ORIGINAL plans for Drive 4 Life’s (D4L) annual charity drive had multiple convoys travelling through western New South Wales, the Corner Country and into South Australia’s Flinders Ranges, but border closures and travel restrictions forced a rethink.
Many participants planning to attend from states other than NSW were forced to cancel and the D4L leaders restructured a route that stayed within NSW for a single convoy of eight 4x4 vehicles.
Drive 4 Life is a not-for-profit group that organises 4x4 trips to different locations each year. A $1000 donation to a registered charity gets your 4x4 on the trip and it’s always a lot of fun with a great bunch of people. So much so that many participants are repeat attendees, coming back year after year.
The 2020 crew met up at the IGA at Warren in the Central West of the state where there was some last-minute stocking up of essential supplies. IGA Supermarkets have been long-time supporters of D4L events and along with other sponsors – ARB 4x4 Accessories, Hema Maps and 4X4 Australia Magazine – make the trips possible.
After a briefing from the trip leaders Noel and David, the convoy headed off on its Western NSW Outback Road trip, and it wasn’t long before the group mascot, Sammy, an 18-month-old Cavoodle, made himself well-known with a swim at Billybingbone River.
It was a great drive to Brewarrina where we saw the Aboriginal fishing traps reported to be one of the oldest man-made structures in the world. We had a great camp, with a good social campfire on the Barwon River for the first night.
BACK O’ BOURKE
THE next day took us down the back roads to Bourke, where we did some sightseeing at the Back O’ Bourke visitor information centre and saw the old steam engine on the banks of the Darling River. From here we followed the road down the eastern side of the Darling, checking the irrigation dam, which we couldn’t believe how full and big it was at the time following recent rain. Camp that night was at a farm-stay at Rose Isle Station.
On day three we drove through Gunnabooka National Park, where we hiked along the gorge and took in some amazing Aboriginal rock art. Farther down the track we came to a recently abandoned homestead where we were able to walk through the old buildings, which had some old farm vehicles. A walk across to the other side of the road came to an old shearing shed with the old-style equipment still hanging on the walls.
Lunch was enjoyed on the banks of the river behind the Louth Pub, and a drive west took us to Tilpa where we all quenched our thirst with a nice cold ale at the iconic pub and camped across the road in the paddock. To our surprise the Royal Flying Doctor Service opened up the amenities, to which we all chipped in a donation to this essential service.
Due to heavy rain the previous week closing the road, we had to take the western side of the Darling River down to Wilcannia to top up the fuel tanks and grab a coffee. Then we were on our way to Menindee, where we stayed at the Menindee Lakes Caravan Park and enjoyed the most beautiful sunset.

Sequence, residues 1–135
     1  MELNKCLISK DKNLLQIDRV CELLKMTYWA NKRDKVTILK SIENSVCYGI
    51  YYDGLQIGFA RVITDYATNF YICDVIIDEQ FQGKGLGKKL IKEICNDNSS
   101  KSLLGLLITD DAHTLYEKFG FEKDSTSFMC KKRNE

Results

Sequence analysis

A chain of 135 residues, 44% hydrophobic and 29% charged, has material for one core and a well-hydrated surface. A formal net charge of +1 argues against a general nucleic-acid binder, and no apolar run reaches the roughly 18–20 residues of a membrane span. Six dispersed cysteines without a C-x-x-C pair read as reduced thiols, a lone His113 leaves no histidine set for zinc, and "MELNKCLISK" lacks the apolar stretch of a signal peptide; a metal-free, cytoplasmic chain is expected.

While we were in Menindee, D4L took a group on a day trip through the nearby Kinchega National Park to see the historic and beautifully restored woolshed and machinery, the boiler that flew out of the paddle steamer, and the colourful wild flowers. The park is a magical place to camp along the river if you’re ever up that way.
We headed to White Cliffs via Paroo National Park (Perry Lakes) and stopped in the middle of the desert for some lunch, before arriving in White Cliffs to spend half a day exploring this must-see opal mining town.
It was dinner at the pub for some and an outdoor barbecue at the caravan park for others, until we all joined up again. A special shout out to Brian and Cindy for their magical campfire.
ON DAY six we were in Milparinka, where we had a walk around this historical township, taking in the court house, Milparinka pub and campground. Then it was on our way to Tibooburra where we saw some abstract creations along the side of the road, which included a man on a toilet made out of metal parts, and a pink clothes line with spanners and shovels hanging off chains.
Cameron Corner, where NSW meets South Australia and Queensland, was the farthest west we could travel due to the restrictions. We were being monitored by the police on the Queensland side of the northern border, but were able to have our photo taken on the famous plaque that marks the junction.
We thought we might camp near a dry creek bed until we pulled up and saw a snake, so we decided to head back to Tibooburra. From here, the group attempted the alternate gravel tracks south to Broken Hill, only to be turned around due to water over the road and a soft road base, so it was back to the recently sealed highway.
There was time for everyone to tour Broken Hill and explore Silverton with its art galleries, Mad Max history and great outback pub. Following a farewell dinner in town, everyone went their separate ways the next day.
Despite the planning hiccups due to travel restrictions, it was another fun and successful trip for the Drive 4 Life team which has raised $894,000 for charity since kicking off in 2006.
For 2021 D4L hopes to run a trip to the Victorian High Country early in the year for all the Victorians who couldn’t make it on this NSW adventure, before a bigger trip in September which will leave Alice Springs and venture to Cocklebiddy on the Nullarbor. Keep an eye on the website www.drive4life.com.au for all the details on the 2021 trips.
Drive 4 Life would like to pass on our heartfelt condolences to Chris Bates, director of D4L, on the passing of Raylene his wife, at home, in her sleep, while we were on this trip.
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